Brenan confirms his Republican sympathies, no surprise, since he is a reasonably sentient being. He does report however, and even acquiesces to the assessment made by the vast majority of Spaniards that he met, that the country was so exhausted by continued strife and violence over a decade that Franco's rule was preferable to continued fighting.
The title to his book is "off" by three-fourths. On his 1949 return, he traveled only in the southwestern quadrant of the country, the area available if one drew a straight line from Madrid to the Portuguese frontier, and another one from Madrid to the Mediterranean. Unlike some other travel writers, and Robert Bryon's The Road to Oxiana (Penguin Classics)immediately comes to mind, the strength of Brenan's narrative is his scholarly knowledge of the historical antecedents to a particular locale coupled with a strong empathy for the individuals that he meets in that locale today. An unusual and valuable combination.
In terms of those locales, there are several that are described so evocatively, that they can easily be placed on a reader's "must see list," or for some of the fortunate, the "must see again list." This would include the Great Mosque at Cordova, "the most original and most beautiful...one gets a feeling of peace and harmony which is quite different from the mood of religious holiness and austerity imparted by Christian cloisters." Then there is Aranjuez, "the Spanish Versailles," which he recommends to "all serious dendrophils," (a word that I would have had to look up, but fortunately he added, "all lovers of trees," and it turns out I am one! There are abundant literary references, from, "...if one agrees with Stendhal, he collects those promissory notes of happiness which give a precious fraction of their value when they are pocketed," and calls Juan Valera "the Spanish Jane Austen."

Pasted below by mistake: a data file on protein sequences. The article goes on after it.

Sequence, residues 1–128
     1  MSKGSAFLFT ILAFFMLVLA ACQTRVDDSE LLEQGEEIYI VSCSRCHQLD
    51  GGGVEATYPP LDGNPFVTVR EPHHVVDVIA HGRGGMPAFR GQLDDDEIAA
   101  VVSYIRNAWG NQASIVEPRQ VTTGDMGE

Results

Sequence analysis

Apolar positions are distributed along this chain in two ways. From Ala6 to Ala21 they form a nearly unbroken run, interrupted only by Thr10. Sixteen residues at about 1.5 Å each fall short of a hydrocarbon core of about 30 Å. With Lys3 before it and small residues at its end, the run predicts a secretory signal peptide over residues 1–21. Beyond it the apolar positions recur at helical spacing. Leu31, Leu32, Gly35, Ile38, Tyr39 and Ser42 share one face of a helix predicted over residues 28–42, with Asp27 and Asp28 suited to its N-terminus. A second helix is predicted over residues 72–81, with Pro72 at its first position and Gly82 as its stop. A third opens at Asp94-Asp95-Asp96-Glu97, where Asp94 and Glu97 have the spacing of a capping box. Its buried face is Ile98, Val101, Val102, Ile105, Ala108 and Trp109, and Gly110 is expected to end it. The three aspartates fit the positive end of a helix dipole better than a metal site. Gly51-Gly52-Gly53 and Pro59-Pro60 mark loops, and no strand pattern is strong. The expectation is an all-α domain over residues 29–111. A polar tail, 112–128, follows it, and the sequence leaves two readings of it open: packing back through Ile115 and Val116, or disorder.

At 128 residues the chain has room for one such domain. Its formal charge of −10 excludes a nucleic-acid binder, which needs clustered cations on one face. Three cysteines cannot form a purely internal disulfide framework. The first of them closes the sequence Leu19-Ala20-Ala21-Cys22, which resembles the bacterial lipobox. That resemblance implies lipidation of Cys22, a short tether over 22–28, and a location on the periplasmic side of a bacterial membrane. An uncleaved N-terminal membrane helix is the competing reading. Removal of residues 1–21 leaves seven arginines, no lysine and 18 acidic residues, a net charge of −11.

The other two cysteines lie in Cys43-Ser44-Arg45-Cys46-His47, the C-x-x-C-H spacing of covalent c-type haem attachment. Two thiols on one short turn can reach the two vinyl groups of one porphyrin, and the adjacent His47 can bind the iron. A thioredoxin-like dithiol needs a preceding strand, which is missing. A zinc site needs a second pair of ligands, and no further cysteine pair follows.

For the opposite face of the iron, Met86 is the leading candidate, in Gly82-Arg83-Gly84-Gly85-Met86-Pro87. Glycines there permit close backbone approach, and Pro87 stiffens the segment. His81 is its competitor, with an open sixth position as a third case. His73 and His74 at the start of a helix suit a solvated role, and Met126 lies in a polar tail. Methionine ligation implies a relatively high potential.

The political assessments are definitely also included. For example: "Such is the old rigid type of bishop, brought into being by the liberals when they closed the chairs of theology in the universities...For them the whole duty of man may be summed up as death to the liberals, suppression of sex, and frequent attendance at divine service." Brenan reports the views of a fellow traveler, who reports on starving workers on the Duchess of Osuna's estate: "The Reds didn't shoot the right people. They left the landowners alone, and now we have to pay the price for it."
It had been 13 years since the Brenan's last saw their house in Malaga, in 1936. In the interval, it has been tended by two caretakers, Antonio and Rosario. What would it look on their return? They were amazed to find the garden in better shape, and all their possessions, including books, safe, and moved into one wing of the house. In the other lived five families (!); who had caused no damage. It sounds like their money did go a bit further in Spain! Brenan's assessment of the caretakers: "Such fidelity to a foreigner was deeply touching and I wondered if under similar circumstances an English labourer's family would have given it to Spaniards."
A knowledgeable, perceptive and empathetic portrait of Spain in the immediate post-World War II period. A solid 5-stars.
(Note: Review first published at Amazon, USA, on December 03, 2010)
4 of 6 people found the following review helpful
5.0 out of 5 stars A must to read,
A superb insight into Spain during the Civil War and after.
An easy history lesson.
Gerald Brenan is sorely missed.
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The Face of Spain by Gerald Brenan